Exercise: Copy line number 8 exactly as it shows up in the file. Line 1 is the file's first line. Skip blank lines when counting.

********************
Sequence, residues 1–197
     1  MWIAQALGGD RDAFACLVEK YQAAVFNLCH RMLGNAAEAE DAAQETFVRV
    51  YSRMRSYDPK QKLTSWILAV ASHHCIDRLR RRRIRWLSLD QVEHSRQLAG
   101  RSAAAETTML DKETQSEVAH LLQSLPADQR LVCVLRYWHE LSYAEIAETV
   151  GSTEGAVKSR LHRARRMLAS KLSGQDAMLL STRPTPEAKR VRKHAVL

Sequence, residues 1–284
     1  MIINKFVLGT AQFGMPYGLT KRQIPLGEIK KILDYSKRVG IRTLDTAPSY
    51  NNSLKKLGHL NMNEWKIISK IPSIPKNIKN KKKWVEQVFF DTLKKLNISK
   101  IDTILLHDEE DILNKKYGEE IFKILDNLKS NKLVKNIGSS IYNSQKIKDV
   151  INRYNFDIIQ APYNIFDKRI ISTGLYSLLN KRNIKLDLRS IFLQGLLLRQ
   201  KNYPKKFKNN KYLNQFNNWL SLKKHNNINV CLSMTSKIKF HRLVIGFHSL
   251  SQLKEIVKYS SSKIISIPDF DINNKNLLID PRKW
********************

    51  NNSLKKLGHL NMNEWKIISK IPSIPKNIKN KKKWVEQVFF DTLKKLNISK